Here is a small excerpt:

The competition between Walmart and Amazon has never been stiffer. Consumerism has always been about the heart, until Amazon made it about efficiency and logic. But for items as intimate as what you wear and what you sleep on, is logic enough?

Walmart is betting on the heart again by focusing on brand affinity, representation, and reinvigorating consumer faith. By using eCommerce as the tip of the spear, their brick and mortar presence will innovate along with it.

It’s no secret that I tend to believe in Marc Lore’s vision for a modern Walmart. In my recent report, I focused on Walmart’s brand-equity growth by means of DNVB acquisition (Modcloth, Moosejaw, Bonobos, etc). And 2PM Executive Member Taylor Holiday called me on it:

Solid stuff as always Web. The question I have that this post ignores a little is related to logistics power. You touch briefly on the convenience element that Amazon focuses on and I wonder how Walmart will seek to combat this? The thing I believe would be super super interesting would be Walmart could combine the DNVB style slick brand launch with convenience of a logistics super power. Imagine Allswell style brand with Same Day Delivery. Now that would be interesting.

Taylor Holiday, Managing Partner of Common Thread

In my report, I made two tables available: (1) Walmart’s existing acquisitions and (2) Walmart’s target acquisitions. To Taylor’s point, in discussing Walmart’s appetite for acquiring sexy DNVB’s (or building them from scratch), it’s easy to overlook that they’ve also acquired Parcel (2017). Walmart is working on building that logistics super power. And if they can’t finish the job, another $1B+ acquisition is on the way.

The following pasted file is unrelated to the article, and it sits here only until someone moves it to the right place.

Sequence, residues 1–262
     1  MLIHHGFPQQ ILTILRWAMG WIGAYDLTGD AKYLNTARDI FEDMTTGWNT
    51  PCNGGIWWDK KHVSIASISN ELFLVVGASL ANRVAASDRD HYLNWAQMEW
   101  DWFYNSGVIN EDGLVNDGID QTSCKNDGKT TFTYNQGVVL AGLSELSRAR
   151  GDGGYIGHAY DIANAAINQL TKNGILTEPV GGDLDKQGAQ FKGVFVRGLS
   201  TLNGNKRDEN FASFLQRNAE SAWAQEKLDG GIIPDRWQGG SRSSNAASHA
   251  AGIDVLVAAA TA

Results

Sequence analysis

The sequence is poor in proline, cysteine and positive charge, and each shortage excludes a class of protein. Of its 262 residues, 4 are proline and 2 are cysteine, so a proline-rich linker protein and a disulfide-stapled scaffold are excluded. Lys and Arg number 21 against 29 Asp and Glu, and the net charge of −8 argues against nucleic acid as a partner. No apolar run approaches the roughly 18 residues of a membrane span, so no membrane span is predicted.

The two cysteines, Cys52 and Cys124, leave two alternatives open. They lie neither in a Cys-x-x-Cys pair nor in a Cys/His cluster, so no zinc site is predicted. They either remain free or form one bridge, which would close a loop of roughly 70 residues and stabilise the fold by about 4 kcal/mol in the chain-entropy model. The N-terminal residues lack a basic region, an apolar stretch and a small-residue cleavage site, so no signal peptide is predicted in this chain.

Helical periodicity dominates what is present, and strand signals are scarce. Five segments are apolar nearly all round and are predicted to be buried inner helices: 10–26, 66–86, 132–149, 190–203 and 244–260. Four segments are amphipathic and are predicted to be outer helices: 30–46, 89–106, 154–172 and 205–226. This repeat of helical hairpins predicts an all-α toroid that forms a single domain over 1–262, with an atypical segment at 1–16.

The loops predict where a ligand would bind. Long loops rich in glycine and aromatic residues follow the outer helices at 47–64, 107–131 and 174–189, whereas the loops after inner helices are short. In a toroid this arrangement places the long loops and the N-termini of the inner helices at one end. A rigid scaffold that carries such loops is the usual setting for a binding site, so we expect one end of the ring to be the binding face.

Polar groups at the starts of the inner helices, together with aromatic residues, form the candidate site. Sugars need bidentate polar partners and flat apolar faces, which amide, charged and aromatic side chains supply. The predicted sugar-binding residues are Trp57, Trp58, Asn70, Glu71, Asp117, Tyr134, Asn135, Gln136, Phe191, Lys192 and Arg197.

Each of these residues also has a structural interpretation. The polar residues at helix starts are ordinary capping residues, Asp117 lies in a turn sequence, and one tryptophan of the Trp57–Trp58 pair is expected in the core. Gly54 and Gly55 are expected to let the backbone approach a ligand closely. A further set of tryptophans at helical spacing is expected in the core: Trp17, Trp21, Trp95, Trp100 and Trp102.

Walmart on Parcel’s acquisition: 

New York City is the top market for both Jet and, and because of the density of the area – along with the proximity of our fulfillment centers – it’s the perfect place for high-impact innovation. Born and bred in New York City, Parcel has developed unique expertise delivering to customers in a distinctly challenging and essential market. This acquisition allows us to continue testing ways to offer fast delivery while lowering our operating costs. We plan to leverage Parcel for last-mile delivery to customers in New York City – including same-day delivery – for both general merchandise as well as fresh and frozen groceries from Walmart and Jet.

As further proof that logistics is on the minds of Walmart executives, look no further than last night’s Oscar’s campaign.

The star of each 60-second spot is the same as for Walmart’s current ad campaign – the retailer’s signature blue shipping box – a nod to corporate priorities in the battle to catch Amazon in e-commerce. 

Jack Neff, AdAge

And if I had to project Walmart’s war room strategy, a Postmates acquisition comes to mind. Nationally, it’s one of the most trusted of the last mile platforms and it’s proven that it can operate in many of America’s largest markets. Couple this with the company’s recent emphasis on grocery delivery and you’re looking at quite a bit of shared virtue. Walmart’s grocery business is of its highest priorities.

Assuming that Parcel’s acquisition was a test, the Postmates acquisition could be the beneficiary of Walmart’s single-market experiment. After DoorDash’s recent $535M raise, this is an acquisition that makes sense for the gritty and resourceful Basti Lehmann and company. And it’s a purchase that is in Walmart’s price range. Paging Marc Lore.

Read more of the issue here